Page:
Antichrist Upset Trump Didn’t Tell Them He Was Coming For ‘Security Reasons’

Muqtada Al-Sadr Of Sadr City Is Upset Trump Didn’t Tell Them He Was Coming For ‘Security Reasons’

12:12 PM 12/28/2018 | World

Iraqi politicians including a Shia Muslim cleric whose followers have fought against the U.S. Army criticized President Donald Trump for keeping his Tuesday visit to Iraq a secret for security reasons.

Trump’s Christmas Day visit to the Assad Air Base demonstrated “U.S. disregard for other nations’ sovereignty,” a spokesman for cleric Muqtada al-Sadr’s said, according to the Los Angeles Times. Trump and first lady Melania Trump surprised troops at the base for his first trip to a war zone as president.

Several Iraqi politicians pushed for Iraq to expel U.S. forces because of the president, even though the U.S. has been fighting against the Islamic State alongside many Iraqi fighters.

“Iraq’s response will be with a parliamentary decision to expel [Trump’s] military forces,” Iraqi politician Qais Khazali, an Iran-backed militia leader, tweeted Wednesday, according to the LA Times.

Al-Sadr became an indelible part of the American consciousness after he compared Iraqi dictator Saddam Hussein to a “little serpent” and the U.S. to a “great serpent” during a 2003 “60 Minutes” interview.

Al-Sadr has no elected position, but he is the leader of the party with the most members in the Iraqi parliament. Cutting off U.S. influence in Iraq was a major platform for his party, according to the LA Times.

Iraqi Shiite cleric Moqtada al-Sadr (left) speaks to the press after a meeting with Salim al-Jabouri (second from right), the Parliament’s speaker, alongside other parliament Sunni members on April 5, 2015 in the holy city of Najaf. (HAIDAR HAMDANI/AFP/Getty Images)

Al-Sadr’s militia, the Mahdi Army, had numerous clashes with U.S. and coalition forces in Sadr City, a suburb of Baghdad named after one of Al-Sadr’s relatives. One of those clashes was an April 2004 ambush that left seven U.S. troops dead, reported CNN.

Trump did not meet with any Iraqi officials while he was in the country Wednesday, but he did hold a phone call with Prime Minister Adel Abdul Mahdi to discuss “developments after the U.S. president’s decision to withdraw from Syria,” according to the LA Times.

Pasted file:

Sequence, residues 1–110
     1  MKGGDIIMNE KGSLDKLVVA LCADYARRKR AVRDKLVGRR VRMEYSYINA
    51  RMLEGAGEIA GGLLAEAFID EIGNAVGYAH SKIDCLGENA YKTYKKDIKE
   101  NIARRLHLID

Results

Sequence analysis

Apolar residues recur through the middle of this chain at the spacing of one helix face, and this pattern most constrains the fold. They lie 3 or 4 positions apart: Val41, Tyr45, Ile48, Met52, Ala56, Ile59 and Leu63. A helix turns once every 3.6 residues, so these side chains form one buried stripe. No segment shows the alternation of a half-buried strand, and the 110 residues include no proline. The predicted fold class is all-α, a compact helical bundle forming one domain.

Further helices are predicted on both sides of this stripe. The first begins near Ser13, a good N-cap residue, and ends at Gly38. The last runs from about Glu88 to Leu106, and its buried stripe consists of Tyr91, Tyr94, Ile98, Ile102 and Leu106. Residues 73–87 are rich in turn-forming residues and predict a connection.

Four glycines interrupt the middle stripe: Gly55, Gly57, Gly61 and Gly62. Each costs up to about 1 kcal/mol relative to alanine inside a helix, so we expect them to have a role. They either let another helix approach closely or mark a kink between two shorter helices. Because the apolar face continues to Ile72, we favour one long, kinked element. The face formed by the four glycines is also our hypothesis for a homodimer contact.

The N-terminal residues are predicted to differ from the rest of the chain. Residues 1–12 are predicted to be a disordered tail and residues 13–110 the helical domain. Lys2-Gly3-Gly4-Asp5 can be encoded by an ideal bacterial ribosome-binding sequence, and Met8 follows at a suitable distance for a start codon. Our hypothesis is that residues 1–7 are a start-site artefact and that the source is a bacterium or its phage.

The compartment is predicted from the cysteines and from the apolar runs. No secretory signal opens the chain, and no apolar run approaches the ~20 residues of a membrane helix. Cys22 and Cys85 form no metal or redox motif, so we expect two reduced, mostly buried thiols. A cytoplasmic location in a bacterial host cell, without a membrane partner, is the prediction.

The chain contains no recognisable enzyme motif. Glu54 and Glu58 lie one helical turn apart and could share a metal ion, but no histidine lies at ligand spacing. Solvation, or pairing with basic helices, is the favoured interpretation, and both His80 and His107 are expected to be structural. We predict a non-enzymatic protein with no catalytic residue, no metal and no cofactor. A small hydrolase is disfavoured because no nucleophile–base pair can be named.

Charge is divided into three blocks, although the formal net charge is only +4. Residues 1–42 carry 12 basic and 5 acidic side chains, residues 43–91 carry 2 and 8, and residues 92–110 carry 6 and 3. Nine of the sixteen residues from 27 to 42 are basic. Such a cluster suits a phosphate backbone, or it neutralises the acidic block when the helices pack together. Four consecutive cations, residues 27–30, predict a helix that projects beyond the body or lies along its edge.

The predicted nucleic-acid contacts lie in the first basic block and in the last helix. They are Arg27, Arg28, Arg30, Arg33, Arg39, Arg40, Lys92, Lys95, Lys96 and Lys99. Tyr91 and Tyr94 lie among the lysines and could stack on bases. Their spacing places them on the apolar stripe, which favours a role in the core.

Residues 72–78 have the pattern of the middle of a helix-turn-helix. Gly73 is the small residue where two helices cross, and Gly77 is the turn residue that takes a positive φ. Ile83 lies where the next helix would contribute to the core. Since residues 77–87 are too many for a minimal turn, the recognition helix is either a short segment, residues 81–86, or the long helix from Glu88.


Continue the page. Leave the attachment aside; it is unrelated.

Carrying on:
Approximately 5,000 U.S. troops have been stationed in Iraq since 2014 to fight ISIS, according to the LA Times.

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Iran Horn Demands U.S. Leave Middle East

Iran Says U.S. Must Leave Middle East, ‘This Region Belongs to Us’

By Tom O’Connor On 12/27/18 at 10:32 AM

A leading Iranian general has called on President Donald Trump to withdraw his forces from the entire Middle East, arguing that the United States has wasted resources there as rival nations such as Russia and China rose.

Major General Yahya Rahim Safavi, a senior adviser to Iranian supreme leader Ayatollah Ali Khamenei, told a ceremony for the premiere of a new computer game at the Art University of Tabriz in northwestern Iran that the “U.S. is facing a big economic challenge” made worse by the ongoing war on terror launched with the 2001 invasion of Afghanistan after 9/11. Citing strategists, Safavi said that “the U.S. focused on Iraq and Afghanistan and wasted its costs, whereas the main rivals of the U.S. were China and Russia, which the U.S. ignored,” according to the state-run Islamic Republic News Agency.

“In the east of the world, China, India, Russia and the Islamic Republic of Iran will be the new powers of the new century,” he added, as cited by the semiofficial Tasnim News Agency. “A dramatic shift of the global center of power is taking place now from the West to the East.”

Echoing prior calls by Khamenei for the U.S. to withdraw from the Middle East and abandon its attempts to curb Iran’s own influence in the region, Safavi said that “the U.S. must leave West Asia, this region belongs to us.”

Syrians wave their national flag, along with those of Iran and Russia, as they ride in a vehicle carrying the flag of the Lebanese Shiite Muslim Amal Movement, as citizens gather to condemn the strikes carried out by the U.S., Britain and France against the Syrian government, in Damascus, Syria, on April 14. LOUAI BESHARA/AFP/GETTY IMAGES

The U.S. and Iran have feuded since the 1979 Islamic Revolution that ousted a West-backed monarchy reinstalled by the CIA in 1953, and a subsequent hostage crisis at Washington’s embassy in Tehran. A brief diplomatic detente surrounded a 2015 nuclear agreement signed by the two nations, alongside China, France, Germany, Russia and the United Kingdom, but Trump quit the deal in May over Iran’s development of ballistic missiles and its support for revolutionary Shiite Muslim groups across the Middle East.

Safavi said Thursday that the country was investing in “information technology” as well as “digital art,” and that Iran’s “influence today has reached the Mediterranean,” where the Lebanese Shiite Muslim Hezbollah group and other Iran-backed forces have grown powerful, especially as the Islamic State militant group (ISIS) and other Sunni Muslim groups were defeated in Syria. Earlier this year, Hezbollah released a video game titled “Holy Defense” allowing players to join the group in its fight against ISIS in Syria.